San Francisco officials deny direct involvement in a controversial program, funded by private sources, that provides free alcohol, cannabis, and cigarettes to homeless people living in the city’s hotels during the Covid-19 outbreak. After news about the special deliveries was leaked and caused embarrassment on social media, the city’s Department of Public Health issued a statement claiming that “rumors that guests of San Francisco’s alternative housing program are receiving taxpayer-funded deliveries of alcohol, cannabis and tobacco are false.”
Except they’re not false. DPH, which administers and oversees the program, is staffed by city workers, including doctors, nurse practitioners, nurses, social workers, and security personnel. The department manages, stores, and distributes the substances. Employee time is involved. Thus, the program is financed by taxpayers, even if an outside group provides some of the funding. According to DPH spokesperson Jenna Lane, the philanthropists who helped purchase the substances wish to remain anonymous.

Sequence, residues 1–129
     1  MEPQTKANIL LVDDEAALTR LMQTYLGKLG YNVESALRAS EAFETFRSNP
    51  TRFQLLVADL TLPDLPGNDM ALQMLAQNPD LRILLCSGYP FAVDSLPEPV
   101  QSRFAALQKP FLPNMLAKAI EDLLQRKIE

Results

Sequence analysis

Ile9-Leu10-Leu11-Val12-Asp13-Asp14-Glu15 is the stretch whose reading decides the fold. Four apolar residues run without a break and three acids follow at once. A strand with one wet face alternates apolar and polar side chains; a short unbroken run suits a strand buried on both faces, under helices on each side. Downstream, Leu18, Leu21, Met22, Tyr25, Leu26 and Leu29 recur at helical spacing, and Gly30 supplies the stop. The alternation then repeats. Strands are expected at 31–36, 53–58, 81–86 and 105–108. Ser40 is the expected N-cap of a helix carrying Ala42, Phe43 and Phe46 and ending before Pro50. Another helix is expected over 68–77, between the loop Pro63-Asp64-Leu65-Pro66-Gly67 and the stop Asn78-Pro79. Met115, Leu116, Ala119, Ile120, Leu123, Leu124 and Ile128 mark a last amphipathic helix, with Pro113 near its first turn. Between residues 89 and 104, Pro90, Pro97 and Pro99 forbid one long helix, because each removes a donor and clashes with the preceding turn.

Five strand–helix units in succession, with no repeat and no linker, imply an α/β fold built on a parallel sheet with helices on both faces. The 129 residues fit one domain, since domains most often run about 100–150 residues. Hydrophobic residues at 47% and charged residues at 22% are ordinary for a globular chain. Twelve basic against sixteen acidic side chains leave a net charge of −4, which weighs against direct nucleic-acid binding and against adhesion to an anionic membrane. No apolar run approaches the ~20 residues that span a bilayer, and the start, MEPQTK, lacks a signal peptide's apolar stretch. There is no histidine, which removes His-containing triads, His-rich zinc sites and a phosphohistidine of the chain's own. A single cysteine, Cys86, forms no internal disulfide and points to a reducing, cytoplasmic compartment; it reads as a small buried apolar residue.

The program’s primary purpose is to keep homeless people, the majority of whom are addicts, out of harm’s way during the pandemic. By getting their substance of choice delivered, the thinking goes, the guests may be more apt to remain in their government-funded rooms. Another purpose of the program is to protect the public against the spread of coronavirus. The city doesn’t want homeless people who should be staying in their rooms roaming the neighborhood in search of the substances, potentially infecting others.
“Managed alcohol and tobacco use makes it possible to increase the number of guests who stay in isolation and quarantine and, notably, protects the health of people who might otherwise need hospital care for life-threatening alcohol withdrawal,” says Lane.
Lane concedes that the provision of substances is not necessarily meant to save people from dangerous, unsupervised detoxification. The homeless are screened to determine what substances they would prefer to have on hand and might be uncomfortable without. “Many isolation and quarantine guests tell us they use these substances daily,” says Lane,
Read the rest at: Booze N Pot